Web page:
Early career researchers are particularly concerned about how long reviewing may take. For nearly a year now we have been using an online submission system that tracks progress and is certainly helping us avoid long delays. We expect to get decisions within four months of submission and often in much shorter times. If you find you are waiting longer it’s fine to contact us and we may contact you to explain why things are taking so long. With another REF looming, ECRs will be particularly keen to avoid long delays between acceptance and publication. We are now moving to the “Early View” system which means that papers are published online in advance of the issue they are scheduled for.

Mind & Language is international as well as interdisciplinary and I’m glad to say that a lot of our contributors don’t have English as their first language, though the standard of English in contributions from non-native English speaking countries amazes and shames me. Sometimes, however, problems with language get in the way of comprehension and are barriers to acceptance of the paper. If you are not confident that your English will be easily understood do get a native speaker of English to advise you. We will occasionally suggest and even ask for changes if we think something is unclear but we don’t have the resources to intervene more than minimally. Wiley has its Editing Services programme for those who require it at http://wileyeditingservices.com.

On gender: the editors are about equal numbers of men and women. With contributors, that’s not true. Data just published in Philosophical Studies ranks Mind & Language 5th out of all philosophy journals surveyed for the proportion of women authors, judged to be 23%. My own (less systematic) estimate for 2016-17 is about 30%. In 2004 it was 15%. We are improving.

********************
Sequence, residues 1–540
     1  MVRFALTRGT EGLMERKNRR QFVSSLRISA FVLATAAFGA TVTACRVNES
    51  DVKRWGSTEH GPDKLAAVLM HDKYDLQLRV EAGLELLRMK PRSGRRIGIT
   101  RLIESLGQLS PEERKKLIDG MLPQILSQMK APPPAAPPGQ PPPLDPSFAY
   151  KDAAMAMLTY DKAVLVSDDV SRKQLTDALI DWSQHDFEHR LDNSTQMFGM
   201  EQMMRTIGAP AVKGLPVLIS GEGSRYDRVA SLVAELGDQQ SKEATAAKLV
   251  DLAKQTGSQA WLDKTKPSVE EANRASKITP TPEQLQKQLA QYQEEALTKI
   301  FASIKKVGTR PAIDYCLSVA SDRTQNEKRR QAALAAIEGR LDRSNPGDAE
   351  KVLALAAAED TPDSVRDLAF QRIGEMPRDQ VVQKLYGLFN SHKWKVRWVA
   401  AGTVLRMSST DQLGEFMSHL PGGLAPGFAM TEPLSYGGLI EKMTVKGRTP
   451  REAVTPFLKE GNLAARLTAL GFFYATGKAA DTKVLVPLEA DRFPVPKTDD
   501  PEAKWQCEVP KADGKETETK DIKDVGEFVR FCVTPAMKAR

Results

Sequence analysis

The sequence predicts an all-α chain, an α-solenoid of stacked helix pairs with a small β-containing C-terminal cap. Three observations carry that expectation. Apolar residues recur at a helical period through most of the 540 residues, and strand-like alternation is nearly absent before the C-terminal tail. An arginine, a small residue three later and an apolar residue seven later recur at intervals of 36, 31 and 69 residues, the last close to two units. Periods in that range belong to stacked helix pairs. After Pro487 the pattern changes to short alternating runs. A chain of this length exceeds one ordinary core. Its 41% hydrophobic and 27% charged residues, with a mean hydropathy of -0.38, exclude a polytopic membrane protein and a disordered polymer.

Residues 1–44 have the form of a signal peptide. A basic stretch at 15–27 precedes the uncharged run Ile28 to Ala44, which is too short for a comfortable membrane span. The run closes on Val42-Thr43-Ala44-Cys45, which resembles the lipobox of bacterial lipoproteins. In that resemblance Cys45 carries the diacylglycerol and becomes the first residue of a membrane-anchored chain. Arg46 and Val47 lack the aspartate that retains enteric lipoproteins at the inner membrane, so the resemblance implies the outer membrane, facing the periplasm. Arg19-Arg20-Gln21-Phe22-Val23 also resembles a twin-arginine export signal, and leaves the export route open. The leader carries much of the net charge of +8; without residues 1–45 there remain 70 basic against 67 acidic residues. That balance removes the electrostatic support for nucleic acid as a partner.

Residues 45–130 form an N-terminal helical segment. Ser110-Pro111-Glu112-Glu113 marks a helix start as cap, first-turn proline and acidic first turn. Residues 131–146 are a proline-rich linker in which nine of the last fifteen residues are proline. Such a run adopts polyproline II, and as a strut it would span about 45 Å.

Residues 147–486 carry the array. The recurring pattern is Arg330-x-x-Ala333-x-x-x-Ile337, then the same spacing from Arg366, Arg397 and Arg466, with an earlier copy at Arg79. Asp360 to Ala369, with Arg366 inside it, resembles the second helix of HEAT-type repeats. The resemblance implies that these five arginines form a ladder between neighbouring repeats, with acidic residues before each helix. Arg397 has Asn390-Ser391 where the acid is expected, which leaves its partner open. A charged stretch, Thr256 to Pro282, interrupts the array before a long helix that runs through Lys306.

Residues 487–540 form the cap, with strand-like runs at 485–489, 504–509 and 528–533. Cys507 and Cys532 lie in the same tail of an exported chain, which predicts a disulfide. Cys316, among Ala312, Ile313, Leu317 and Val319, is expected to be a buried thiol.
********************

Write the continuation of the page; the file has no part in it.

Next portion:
The same article says that Mind & Language does not have anonymous reviewing. We do. We check that the requirements for this have been followed when a paper arrives. Occasionally, though, something is said which provides an unintended clue. If you refer to your own work either put the reference as “omitted” or avoid the suggestion that it is your work. Try also to avoid speaking in the first person in a way that indicates your gender or anything else about you that might be subject to bias, conscious or otherwise.

Exceptions to the anonymous review process include book reviews: we publish very few and always solicit them; don’t send us book reviews. The other exception is papers which are solicited for publication in symposia, usually having been delivered at one of the occasional workshops we run.

Finally, there are a few areas of research which rarely or never appear in Mind & Language and I’d like simply to say that submissions in these areas are welcome. Our statement of Aims and Scope has always declared the journal open to work in cognitive anthropology and we recently added cognitive archaeology. Work in cognition and the arts is welcome but, as before, don’t send us stuff that would suit a straight aesthetics journal.

Early Career researchers submit their work to Mind & Language in reasonably large numbers, reflecting, perhaps, a growing familiarity and comfort with work across the disciplines. I hope very much to see those numbers grow.